Mapping is related to clustering or classification exercises, where the systems involved take the
document clusters or classes and arrange them in 2-dimensional space by considering the similarity
of the documents relative to one another over the entire collection. Documents that share elements in
common are placed closer together spatially, while ones with less similarity are placed further away.
The FAQ section on the IN-SPIRE tool
, a related cousin of the ThemeScape tool, both originally
developed at Pacific Northwest National Laboratories, provides the following explanation of the
process used for creating spatial maps:
In brief, IN-SPIRE™ creates mathematical representations of the documents, which are then
organized into clusters and visualized into "maps" that can be interrogated for analysis.
More specifically, IN-SPIRE™ performs the following steps:
• The text engine scans through the document collection and automatically determines the
distinguishing words or "topics" within the collection, based upon statistical measurements of
word distribution, frequency, and co-occurrence with other words. Distinguishing words are
those that help describe how each document in the dataset is different from any other
document. For example, the word "and" would not be considered a distinguishing word,
because it is expected to occur frequently in every document. In a dataset where every
document mentions nanotech, "nanotech" wouldn't be a distinguishing word either.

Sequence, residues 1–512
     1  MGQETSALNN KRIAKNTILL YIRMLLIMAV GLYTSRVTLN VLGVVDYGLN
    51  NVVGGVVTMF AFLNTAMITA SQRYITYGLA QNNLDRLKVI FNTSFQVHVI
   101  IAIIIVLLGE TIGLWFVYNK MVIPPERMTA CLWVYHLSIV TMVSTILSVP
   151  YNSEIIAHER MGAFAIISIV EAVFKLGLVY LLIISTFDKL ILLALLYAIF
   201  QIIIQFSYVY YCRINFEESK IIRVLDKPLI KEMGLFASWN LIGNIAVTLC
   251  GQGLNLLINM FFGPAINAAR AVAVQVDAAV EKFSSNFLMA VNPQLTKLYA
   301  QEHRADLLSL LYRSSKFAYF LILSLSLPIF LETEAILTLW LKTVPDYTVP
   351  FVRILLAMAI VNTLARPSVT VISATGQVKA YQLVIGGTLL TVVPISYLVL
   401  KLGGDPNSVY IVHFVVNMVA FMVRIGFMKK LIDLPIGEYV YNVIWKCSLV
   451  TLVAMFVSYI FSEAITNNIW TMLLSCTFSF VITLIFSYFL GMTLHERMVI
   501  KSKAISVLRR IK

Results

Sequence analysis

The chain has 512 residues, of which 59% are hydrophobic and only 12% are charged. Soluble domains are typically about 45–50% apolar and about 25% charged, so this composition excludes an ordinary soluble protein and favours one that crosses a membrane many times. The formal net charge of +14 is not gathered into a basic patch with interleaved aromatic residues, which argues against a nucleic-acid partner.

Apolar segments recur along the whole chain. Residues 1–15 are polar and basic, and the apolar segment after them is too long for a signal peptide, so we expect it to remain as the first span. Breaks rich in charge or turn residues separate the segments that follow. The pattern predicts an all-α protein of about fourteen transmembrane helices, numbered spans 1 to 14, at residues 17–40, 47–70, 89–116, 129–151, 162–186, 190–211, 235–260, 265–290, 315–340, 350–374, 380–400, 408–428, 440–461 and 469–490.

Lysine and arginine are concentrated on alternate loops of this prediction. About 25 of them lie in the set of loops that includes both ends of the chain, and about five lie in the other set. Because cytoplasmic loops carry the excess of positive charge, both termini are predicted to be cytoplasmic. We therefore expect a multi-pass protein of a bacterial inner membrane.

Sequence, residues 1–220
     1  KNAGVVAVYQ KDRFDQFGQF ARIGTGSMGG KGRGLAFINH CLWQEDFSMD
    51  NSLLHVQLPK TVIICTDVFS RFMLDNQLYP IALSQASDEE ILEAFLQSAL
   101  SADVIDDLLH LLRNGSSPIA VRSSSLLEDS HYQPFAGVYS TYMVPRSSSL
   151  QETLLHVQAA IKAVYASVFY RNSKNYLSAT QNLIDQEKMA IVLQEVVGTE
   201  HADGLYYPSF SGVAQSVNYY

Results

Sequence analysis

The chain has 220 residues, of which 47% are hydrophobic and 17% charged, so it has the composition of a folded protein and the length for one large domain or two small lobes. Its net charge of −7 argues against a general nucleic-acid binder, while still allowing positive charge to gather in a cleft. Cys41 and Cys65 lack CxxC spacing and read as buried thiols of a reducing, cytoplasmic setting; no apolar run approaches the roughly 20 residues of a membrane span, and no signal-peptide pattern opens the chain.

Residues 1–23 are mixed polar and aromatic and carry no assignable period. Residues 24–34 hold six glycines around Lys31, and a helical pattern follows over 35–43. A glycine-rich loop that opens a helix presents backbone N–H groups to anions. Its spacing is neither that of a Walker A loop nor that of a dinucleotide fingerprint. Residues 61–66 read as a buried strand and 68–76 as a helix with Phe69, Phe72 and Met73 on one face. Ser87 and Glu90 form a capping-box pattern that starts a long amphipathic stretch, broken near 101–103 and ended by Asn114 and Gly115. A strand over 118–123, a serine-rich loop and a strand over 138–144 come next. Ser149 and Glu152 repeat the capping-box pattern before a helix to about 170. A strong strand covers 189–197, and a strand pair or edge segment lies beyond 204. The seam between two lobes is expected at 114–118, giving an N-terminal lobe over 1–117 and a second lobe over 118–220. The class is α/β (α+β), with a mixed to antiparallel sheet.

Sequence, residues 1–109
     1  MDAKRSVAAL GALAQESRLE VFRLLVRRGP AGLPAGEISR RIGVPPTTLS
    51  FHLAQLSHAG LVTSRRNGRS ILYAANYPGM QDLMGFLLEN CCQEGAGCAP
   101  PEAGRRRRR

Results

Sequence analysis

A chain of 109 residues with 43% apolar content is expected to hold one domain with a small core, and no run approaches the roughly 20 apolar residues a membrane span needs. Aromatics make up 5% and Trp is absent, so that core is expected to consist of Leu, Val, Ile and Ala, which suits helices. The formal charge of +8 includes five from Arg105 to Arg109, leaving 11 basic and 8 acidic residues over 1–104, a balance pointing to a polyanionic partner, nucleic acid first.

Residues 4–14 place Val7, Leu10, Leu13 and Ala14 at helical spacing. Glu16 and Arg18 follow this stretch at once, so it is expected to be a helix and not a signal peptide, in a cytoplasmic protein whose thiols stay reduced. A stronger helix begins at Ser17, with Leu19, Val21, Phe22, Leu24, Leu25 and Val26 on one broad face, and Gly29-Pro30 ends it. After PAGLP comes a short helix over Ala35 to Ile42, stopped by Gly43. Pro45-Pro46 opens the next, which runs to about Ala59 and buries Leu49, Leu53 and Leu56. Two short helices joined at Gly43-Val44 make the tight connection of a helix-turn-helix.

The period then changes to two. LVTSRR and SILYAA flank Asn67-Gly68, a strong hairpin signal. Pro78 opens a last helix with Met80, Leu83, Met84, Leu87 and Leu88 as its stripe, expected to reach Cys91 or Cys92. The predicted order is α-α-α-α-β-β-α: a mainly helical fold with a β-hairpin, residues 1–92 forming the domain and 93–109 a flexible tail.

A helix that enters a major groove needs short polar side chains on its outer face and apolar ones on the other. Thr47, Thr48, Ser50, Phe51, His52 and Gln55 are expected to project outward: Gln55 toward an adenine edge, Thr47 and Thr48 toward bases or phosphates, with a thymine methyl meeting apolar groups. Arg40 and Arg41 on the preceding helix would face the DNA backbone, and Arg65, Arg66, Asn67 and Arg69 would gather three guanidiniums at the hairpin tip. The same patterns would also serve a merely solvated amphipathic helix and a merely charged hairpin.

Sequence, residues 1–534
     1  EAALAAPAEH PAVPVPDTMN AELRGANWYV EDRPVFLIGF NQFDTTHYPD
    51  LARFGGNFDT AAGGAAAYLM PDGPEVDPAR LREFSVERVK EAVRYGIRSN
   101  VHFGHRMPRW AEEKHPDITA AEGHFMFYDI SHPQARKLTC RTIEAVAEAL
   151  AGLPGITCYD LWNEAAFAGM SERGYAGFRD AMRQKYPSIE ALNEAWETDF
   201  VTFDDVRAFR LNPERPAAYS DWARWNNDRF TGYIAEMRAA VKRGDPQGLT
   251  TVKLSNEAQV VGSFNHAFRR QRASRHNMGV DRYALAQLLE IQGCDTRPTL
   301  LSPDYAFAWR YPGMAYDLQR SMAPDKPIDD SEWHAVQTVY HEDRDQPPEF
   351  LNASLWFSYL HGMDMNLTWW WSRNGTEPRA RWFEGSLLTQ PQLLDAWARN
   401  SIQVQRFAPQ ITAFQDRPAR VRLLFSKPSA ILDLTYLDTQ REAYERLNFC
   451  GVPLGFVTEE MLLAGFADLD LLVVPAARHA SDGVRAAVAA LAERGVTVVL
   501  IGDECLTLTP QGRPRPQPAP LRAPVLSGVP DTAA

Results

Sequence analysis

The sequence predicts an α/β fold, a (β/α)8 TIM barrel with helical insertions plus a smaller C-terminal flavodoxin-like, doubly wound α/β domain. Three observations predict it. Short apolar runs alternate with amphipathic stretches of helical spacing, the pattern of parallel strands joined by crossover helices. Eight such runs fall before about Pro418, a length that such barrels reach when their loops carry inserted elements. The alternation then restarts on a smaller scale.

• The text engine uses these distinguishing words to create a mathematical signature for each
document in the collection. Then it does a rough similarity comparison of all the signatures to
create cluster groupings.
• IN-SPIRE™ compares the clusters against each other for similarity, and arranges them in
high-dimensional space (about 200 axes) so that similar clusters are located close together.
The clusters can be thought of as a mass of bubbles, but in 200-dimensional space instead of
• That high-dimensional arrangement of clusters is then flattened down to a comprehensible 2-
dimensions, trying to preserve a picture where similar clusters are located close to each other,
and dissimilar clusters are located far apart. Finally, the documents are added to the picture by
arranging each within the invisible “bubble” of their respective cluster.
Spatial concept maps can also be made using classification methods. Arguably, the most famous of
these is the Kohonen Self Organizing Map (SOM):
Kohonen Self Organizing Maps – a type of artificial neural network (ANN) that is trained using
unsupervised learning to produce a low dimensional (typically two-dimensional), discretized
representation of the input space of the training samples, called a map. Self-organizing maps are
different from other artificial neural networks in the sense that they use a neighborhood function to
preserve the topological properties of the input space
For additional discussion on the use of spatial concept maps in patent analytics please see the
following blog post on the subject: